For those seeking a deeper understanding of Bali’s rich culture, there are plenty of off-the-beaten-path experiences to be had. From exploring ancient temples and witnessing traditional rituals, to sampling local cuisine at flea markets, this guide is a must-read for culture vultures.
Bali’s art, architecture, and spirituality are truly mesmerising, and this guide offers a comprehensive list of must-see sights and activities. Whether you prefer to delve into Bali’s history and beliefs or want to learn more about its dance, food, and art, there’s something for everyone on the Island of the Gods. Take your time to fully immerse yourself in the sacred sights.
Discover the Rural Charm of Authentic Bali
To truly experience the culture of Bali, one must venture into its rural heart. Gulingan Village, located in the lush interior, offers stunning views of terraced rice paddies, coconut palms, and plantations of coffee, vanilla, and cloves. Nearby, visitors can explore the royal water temple of Pura Taman Ayun, considered one of the most beautiful temples in Bali, or brave a visit to the Ubud Monkey Forest, home to hundreds of playful monkeys. The perfect way to end the day is by witnessing the breathtaking sunset at the 16th-century sea temple of Tanah Lot, perched 200 meters off shore. This iconic image of a tangerine sun sinking into the ocean behind the temple is a must-see for any traveller to Bali.
See Ubud’s Iconic Rice Fields
Experience the beauty of Ubud’s iconic rice fields by immersing yourself in the daily life of the surrounding villages with a visit to Tegalalang, Bali’s most popular rice field. Watch as children make their way to and from school, farmers plant rice by hand, and women carry towering temple offerings in colorful clothing. Take a stroll along the Campuhan Ridge Walk, a sacred path that winds between the Wos and Ayung rivers, and enjoy breathtaking views from the narrow pathway that follows the ridge line.
Shop at a Local Market
Exploring local markets is a must-do activity when visiting Bali. These markets offer a glimpse into Balinese culture and provide an opportunity to purchase traditional goods at bargain prices. The Badung Market in Denpasar is the largest market on the island and offers a wide variety of items, from sarongs and sunglasses to fruit and vegetables. For a more relaxed experience, check out the Kuta Night Market for delicious street food or the Ubud Traditional Art Market for artisanal paintings and sculptures. The Jimbaran Fish Market is the perfect spot for seafood lovers, while the Flea Market in Seminyak is great for finding unique gifts and souvenirs. And for vintage clothing and homewares, head to the Frog Market in Tabanan and dig through the piles to find hidden treasures.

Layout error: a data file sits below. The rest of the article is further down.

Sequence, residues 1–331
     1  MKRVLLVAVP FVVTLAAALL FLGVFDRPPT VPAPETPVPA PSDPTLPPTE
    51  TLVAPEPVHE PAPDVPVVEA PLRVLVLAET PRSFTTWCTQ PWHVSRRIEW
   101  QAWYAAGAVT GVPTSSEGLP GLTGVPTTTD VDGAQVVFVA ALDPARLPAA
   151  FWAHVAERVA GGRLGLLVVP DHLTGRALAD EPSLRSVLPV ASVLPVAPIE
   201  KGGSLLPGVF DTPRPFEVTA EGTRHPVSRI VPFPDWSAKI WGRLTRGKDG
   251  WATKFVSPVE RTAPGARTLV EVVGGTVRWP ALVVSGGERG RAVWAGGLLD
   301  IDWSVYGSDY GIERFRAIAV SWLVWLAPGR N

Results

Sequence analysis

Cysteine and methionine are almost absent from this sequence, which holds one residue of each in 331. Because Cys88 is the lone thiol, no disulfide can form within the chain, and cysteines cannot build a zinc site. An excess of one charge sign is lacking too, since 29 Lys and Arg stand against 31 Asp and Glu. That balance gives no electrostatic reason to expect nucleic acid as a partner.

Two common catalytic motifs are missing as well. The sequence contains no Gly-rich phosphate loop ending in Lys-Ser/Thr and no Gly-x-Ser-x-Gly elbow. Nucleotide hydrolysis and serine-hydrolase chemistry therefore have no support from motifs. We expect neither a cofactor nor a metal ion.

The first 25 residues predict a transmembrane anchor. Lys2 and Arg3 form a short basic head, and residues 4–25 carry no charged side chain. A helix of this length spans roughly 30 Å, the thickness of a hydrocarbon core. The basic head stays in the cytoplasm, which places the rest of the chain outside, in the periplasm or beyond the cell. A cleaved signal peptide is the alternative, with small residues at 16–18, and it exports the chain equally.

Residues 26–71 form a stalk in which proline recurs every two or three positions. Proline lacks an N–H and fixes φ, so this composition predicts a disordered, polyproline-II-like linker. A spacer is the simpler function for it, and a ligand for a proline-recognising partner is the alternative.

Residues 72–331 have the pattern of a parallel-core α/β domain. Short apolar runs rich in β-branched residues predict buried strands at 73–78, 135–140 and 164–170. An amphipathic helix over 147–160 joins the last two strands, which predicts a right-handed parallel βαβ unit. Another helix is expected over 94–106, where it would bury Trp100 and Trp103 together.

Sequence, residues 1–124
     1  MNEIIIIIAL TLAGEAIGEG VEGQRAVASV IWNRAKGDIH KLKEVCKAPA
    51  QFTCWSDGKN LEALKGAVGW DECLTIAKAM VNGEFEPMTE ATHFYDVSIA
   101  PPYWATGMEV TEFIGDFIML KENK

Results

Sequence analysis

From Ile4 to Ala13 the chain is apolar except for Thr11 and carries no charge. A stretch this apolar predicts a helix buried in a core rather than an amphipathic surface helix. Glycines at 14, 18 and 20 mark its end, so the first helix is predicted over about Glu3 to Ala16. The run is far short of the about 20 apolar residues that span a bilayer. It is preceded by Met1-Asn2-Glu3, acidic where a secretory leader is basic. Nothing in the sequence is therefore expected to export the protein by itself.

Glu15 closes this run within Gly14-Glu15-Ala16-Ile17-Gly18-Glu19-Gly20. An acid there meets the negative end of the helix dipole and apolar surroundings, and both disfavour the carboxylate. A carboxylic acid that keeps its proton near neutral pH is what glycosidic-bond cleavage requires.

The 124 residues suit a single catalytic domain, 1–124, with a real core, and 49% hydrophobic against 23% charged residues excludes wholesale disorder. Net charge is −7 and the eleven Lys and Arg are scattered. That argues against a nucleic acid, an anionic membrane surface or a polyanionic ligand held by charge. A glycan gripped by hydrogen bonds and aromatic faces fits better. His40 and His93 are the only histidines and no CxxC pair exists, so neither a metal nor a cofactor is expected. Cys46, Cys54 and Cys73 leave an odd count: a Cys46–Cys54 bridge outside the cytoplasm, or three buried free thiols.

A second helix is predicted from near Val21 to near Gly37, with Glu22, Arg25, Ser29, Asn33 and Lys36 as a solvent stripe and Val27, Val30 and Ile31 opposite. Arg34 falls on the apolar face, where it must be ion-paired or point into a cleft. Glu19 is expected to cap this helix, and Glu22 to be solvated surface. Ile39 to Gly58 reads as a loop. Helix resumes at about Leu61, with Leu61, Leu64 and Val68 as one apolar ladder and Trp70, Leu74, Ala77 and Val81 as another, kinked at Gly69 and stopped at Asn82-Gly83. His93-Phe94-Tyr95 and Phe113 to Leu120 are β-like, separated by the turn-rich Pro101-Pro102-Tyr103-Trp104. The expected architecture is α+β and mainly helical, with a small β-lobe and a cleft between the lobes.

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Learn About The Island’s Spiritual Traditions
Balinese ceremonies are a crucial part of Balinese culture, as they are believed to maintain peace on the island. These celebrations and rituals are taken very seriously, with entire communities putting their year’s savings into following tradition and spending big bucks on extravagant temples, offerings, and processions. One of the most prominent celebrations is Nyepi, also known as Bali’s Day of Silence and the New Year according to the Balinese calendar. On this day, everyone on the island must stay indoors in silence with no electricity or lights. The night before, however, is arguably the wildest of all Balinese ceremonies, with large demon structures called Ogoh Ogoh paraded through the streets to keep evil spirits away for the year ahead. Balinese communities spend a fortune on these structures and celebrations, and there are even competitions to judge the best Ogoh Ogoh creation. Other major holy days in Balinese culture include Galungan and Kuningan, with Galungan being the day when the Balinese believe their ancestors return to earth for 10 full days to spend time with their loved ones.